I’m gearing up to start teaching a new class next week, a comparative world literature class based on the theme of “revenge.” We’ll be working with a lot of different texts from around the world, including a few of the Icelandic Sagas, a little Borges, Macbeth, and so on. It’s going to be a great opportunity to introduce students to the social and cultural applications of cognitive science, via concepts of “machiavellian intelligence,” theory of mind, and so on.
My interest in the Sagas is somewhat tangential to my main research interests, which arrive about a thousand years later (although I have studied and translated just a smidgen of Old English — a fascinating language!). So I was very excited when a medievalist colleague tipped me off to the fact that Robin Dunbar had done some work on conflict resolution in the Sagas — a topic that he and I have both lectured on previously. I’m passing on the link to a very brief, but thought-provoking article, from the Spring 2007 Research Intelligence, on Dunbar’s work in this area.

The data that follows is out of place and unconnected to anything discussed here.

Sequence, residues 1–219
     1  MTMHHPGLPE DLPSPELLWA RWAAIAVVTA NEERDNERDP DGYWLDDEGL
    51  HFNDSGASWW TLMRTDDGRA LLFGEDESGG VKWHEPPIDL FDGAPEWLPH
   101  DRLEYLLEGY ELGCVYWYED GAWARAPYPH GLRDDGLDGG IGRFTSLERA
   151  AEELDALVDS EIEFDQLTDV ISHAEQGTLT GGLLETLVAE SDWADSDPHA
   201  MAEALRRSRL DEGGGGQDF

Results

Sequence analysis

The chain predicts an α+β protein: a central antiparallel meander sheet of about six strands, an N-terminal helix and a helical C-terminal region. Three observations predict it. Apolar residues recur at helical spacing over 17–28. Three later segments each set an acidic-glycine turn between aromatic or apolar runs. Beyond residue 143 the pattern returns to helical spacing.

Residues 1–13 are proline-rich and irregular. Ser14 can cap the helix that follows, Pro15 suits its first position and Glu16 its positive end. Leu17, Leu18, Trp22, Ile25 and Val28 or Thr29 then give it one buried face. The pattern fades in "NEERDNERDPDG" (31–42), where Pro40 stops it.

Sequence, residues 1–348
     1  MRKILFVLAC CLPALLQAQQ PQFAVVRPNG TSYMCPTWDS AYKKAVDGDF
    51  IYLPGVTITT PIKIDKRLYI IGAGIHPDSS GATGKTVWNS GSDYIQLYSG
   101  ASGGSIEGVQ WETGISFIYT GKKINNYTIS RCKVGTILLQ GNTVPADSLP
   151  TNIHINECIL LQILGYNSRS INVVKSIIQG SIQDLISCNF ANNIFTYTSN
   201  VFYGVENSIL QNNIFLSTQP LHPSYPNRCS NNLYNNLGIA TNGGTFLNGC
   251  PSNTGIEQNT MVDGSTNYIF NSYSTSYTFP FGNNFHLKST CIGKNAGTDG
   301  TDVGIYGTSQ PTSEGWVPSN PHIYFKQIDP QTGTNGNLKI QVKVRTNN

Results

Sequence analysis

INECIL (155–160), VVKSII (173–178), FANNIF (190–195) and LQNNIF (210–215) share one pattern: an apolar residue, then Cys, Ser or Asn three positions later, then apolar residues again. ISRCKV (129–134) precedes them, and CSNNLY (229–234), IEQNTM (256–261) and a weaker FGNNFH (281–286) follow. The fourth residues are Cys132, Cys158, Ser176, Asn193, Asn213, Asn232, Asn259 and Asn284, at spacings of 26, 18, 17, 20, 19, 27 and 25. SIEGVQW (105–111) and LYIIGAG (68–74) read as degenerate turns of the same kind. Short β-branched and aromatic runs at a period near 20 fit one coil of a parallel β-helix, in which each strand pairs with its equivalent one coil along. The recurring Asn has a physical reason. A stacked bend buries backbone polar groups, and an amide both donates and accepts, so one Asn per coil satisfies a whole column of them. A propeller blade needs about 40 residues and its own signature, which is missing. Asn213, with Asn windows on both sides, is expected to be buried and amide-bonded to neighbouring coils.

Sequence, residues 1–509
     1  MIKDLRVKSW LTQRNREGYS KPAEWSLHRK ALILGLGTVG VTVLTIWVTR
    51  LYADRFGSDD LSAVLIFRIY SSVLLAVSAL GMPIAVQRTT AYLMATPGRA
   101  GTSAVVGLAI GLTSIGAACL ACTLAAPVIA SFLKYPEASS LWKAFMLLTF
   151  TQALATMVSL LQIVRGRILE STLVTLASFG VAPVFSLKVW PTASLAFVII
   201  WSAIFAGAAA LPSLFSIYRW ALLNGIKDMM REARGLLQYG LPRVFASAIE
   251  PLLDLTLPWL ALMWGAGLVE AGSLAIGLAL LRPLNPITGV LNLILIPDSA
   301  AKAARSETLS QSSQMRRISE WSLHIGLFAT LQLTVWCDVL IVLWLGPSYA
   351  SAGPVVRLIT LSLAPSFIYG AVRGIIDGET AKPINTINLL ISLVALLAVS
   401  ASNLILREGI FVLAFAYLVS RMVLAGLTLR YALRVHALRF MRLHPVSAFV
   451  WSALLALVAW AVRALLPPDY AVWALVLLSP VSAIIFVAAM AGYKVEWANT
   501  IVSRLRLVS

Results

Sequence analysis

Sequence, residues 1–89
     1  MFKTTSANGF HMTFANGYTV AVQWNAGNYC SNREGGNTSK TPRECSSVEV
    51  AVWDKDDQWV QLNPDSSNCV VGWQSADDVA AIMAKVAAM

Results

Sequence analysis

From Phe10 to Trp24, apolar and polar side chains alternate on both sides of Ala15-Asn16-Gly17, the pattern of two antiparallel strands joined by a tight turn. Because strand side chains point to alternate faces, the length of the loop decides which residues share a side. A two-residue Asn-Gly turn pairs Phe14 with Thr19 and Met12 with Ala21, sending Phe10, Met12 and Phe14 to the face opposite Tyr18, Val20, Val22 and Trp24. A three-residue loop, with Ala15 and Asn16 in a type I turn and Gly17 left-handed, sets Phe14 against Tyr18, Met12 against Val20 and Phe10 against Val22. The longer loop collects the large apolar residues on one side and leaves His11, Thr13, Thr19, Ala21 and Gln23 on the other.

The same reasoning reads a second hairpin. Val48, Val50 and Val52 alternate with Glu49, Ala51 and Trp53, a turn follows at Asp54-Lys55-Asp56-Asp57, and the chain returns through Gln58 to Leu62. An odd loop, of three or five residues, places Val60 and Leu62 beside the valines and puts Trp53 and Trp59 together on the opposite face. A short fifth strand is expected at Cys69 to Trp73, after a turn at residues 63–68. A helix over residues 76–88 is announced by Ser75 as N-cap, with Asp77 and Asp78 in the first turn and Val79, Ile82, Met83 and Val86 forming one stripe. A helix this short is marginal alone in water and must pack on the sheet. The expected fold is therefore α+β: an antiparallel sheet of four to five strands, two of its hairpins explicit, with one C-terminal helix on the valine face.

This is a very fascinating little piece — Dunbar’s argument is that “berserkers,” fighters who went into a trance or rage before entering battle and who were considered quite fearsome and dangerous, often served as a deterrent for vendettas against their family members. In other words, having a berserker in the family was more likely to prevent acts of revenge against their family. What’s more, dealing with berserkers who became a problem seems to have been a collective effort — the literature indicates that community members waited until they became drunk and then worked together to kill them in their weakened state.
A lot of very interesting material suggested here, with lots more in an earlier article from Dunbar et al in Ethology and Sociobiology 16 (1995). I’m looking forward to seeing how the students are able to use this sort of work in reading Elizabethan revenge — seems to me that a revenger such as Middleton’s Vindice presents an interesting comparison to the “berserker-deterrent” model.